Today is the 50th anniversary of World Telecommunication and Information Society Day. This day has been celebrated annually since 1969, when the first International Telegraph Convention was signed and the International Telecommunication Union (ITU) was formed. The purpose of the day is to help raise awareness of the possibilities that the use of the Internet and other information and communication technologies can bring to societies and economies, as well as of ways to bridge the digital divide.
Many people are so used to being near their phones or 4G/Wi-Fi all the time, and they might not even think that not all of us have the same access to Internet and social media. Not all the world’s people are preoccupied with how many likes their Instagram picture got or if anyone else in the virtual world agrees with their posts or comments, because they don’t even have access to Internet. And to them, a simple action such as browsing on Internet and having the whole of world’s information in their hands might seem like a miracle.
Nonetheless, even if there are so many negative sides to social media and Internet, and phone addiction is a serious problem, everyone should have the right to Internet and information. It is important for understanding cultural differences and for improving cultural integration and diversity. It connects people from all over the world, helps them discuss various problems with people from many backgrounds in life. Therefore, a step forward in bridging the digital divide is important in order to unite different nationalities and cultures and bring a better understanding of others and their stories.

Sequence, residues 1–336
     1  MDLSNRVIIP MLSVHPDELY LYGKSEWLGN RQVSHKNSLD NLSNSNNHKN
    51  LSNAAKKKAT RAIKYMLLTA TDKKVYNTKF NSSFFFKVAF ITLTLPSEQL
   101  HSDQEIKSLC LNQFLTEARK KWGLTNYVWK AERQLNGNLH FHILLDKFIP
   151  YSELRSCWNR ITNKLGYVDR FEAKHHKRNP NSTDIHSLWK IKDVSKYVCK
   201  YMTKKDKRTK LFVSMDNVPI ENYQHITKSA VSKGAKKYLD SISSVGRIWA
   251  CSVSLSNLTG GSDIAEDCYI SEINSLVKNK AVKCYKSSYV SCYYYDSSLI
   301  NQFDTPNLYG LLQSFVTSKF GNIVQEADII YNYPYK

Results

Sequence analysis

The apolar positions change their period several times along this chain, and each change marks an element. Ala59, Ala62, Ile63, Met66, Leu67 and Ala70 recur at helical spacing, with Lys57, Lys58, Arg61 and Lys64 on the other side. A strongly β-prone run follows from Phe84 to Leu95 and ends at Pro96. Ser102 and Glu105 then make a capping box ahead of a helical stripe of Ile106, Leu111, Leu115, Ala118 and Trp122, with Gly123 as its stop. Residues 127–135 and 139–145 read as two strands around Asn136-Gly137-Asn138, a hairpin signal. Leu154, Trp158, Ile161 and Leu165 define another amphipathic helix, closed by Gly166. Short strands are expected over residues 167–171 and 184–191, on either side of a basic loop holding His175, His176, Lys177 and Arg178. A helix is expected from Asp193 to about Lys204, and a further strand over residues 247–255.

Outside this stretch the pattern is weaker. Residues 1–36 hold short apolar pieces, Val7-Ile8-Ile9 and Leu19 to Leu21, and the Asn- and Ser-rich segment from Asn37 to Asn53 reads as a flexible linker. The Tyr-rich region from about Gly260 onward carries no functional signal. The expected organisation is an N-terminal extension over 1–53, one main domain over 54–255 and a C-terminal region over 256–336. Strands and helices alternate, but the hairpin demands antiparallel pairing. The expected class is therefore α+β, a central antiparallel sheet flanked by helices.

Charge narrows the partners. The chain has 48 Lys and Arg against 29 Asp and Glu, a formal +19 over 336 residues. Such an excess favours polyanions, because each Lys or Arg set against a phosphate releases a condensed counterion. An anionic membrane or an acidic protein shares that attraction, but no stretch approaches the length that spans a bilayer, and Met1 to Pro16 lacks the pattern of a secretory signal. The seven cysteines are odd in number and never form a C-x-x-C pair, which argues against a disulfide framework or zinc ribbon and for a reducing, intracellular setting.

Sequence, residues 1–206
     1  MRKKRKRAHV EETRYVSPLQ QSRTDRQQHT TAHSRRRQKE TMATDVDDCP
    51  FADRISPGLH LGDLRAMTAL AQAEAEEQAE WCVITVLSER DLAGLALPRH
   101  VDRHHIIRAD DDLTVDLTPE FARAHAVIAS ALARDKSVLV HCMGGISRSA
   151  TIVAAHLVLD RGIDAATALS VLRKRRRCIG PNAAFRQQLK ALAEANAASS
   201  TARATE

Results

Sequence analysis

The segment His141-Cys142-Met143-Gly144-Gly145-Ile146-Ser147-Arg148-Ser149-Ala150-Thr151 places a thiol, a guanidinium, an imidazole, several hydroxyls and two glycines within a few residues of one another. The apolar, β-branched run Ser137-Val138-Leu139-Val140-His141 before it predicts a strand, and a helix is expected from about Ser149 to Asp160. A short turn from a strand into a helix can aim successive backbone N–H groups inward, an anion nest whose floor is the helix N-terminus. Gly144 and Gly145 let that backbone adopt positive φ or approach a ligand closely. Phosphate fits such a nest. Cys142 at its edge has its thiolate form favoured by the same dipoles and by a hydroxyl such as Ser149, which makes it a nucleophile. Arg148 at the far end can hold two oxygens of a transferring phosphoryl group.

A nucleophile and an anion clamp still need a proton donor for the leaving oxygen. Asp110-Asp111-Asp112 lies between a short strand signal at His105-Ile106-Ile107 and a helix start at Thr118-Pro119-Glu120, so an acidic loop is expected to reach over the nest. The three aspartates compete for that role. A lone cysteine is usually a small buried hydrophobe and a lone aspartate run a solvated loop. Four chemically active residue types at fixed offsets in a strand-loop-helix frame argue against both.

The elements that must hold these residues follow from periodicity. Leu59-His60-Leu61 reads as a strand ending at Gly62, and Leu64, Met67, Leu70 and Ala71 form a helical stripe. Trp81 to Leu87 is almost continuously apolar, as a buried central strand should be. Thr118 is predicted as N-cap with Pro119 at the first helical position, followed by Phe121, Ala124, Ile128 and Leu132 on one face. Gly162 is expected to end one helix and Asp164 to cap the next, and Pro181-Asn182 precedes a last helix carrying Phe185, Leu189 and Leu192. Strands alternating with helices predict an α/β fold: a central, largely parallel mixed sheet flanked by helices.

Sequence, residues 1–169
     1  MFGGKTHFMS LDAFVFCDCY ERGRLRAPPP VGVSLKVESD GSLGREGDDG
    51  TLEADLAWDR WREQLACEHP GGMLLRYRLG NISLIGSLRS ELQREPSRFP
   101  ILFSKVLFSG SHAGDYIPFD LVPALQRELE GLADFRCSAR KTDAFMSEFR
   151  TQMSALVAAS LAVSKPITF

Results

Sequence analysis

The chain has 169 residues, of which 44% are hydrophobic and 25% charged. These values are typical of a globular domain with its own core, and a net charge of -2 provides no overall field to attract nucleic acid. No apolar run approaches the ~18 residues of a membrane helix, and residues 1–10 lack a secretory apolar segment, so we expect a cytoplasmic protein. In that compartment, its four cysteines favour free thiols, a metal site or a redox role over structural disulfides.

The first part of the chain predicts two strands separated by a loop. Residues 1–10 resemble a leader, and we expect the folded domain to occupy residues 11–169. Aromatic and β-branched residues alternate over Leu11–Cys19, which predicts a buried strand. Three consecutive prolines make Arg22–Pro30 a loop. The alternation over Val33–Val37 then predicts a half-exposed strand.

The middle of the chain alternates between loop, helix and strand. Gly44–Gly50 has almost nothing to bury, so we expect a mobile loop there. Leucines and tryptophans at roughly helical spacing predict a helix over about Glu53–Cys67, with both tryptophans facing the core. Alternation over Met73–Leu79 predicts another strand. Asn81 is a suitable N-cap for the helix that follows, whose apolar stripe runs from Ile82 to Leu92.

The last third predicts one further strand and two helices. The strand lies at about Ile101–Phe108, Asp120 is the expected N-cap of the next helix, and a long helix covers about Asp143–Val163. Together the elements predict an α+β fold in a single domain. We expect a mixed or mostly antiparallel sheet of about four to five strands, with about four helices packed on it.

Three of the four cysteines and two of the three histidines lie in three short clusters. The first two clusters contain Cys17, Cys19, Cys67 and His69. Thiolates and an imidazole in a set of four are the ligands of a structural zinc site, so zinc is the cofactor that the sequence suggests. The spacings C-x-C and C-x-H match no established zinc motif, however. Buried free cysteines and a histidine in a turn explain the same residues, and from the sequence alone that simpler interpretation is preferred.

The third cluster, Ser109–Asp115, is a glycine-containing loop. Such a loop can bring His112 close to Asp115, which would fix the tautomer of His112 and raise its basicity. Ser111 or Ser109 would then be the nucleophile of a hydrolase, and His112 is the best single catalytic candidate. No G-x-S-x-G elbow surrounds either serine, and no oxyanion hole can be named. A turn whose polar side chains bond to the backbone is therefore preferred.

The achievements in telecommunication have impact on many problems of the world. In the year of 2012, the focus of the day was on gender. We can use the power of technologies to end discrimination and empower women to achieve their place as equals in the world. Therefore, improvements in technologies also greatly impact the daily lives of women and can make life easier for them.
Last year focused on artificial intelligence, as AI-based technologies are already a key component of tools being used to improve people’s lives by improving healthcare, education, finance, agriculture and transportation.
This year, the focus of the day is on “Bridging the Standardization gap.” ITU standards make it possible to connect to the internet, watch TV and listen to the radio, and ensure interoperability, open up global markets and spur innovation. ITU’s mission is setting upcoming 5G standards that they expect people to take for granted in the future: self-driving cars, safer and smart cities and so on.
Also, one of the aims of ITU is promoting the implementation of international standards in developing countries. Houlin Zhao, the Secretary-General of the ITU, calls upon everyone to support the programme and prosperity and well-being for developed and developing countries!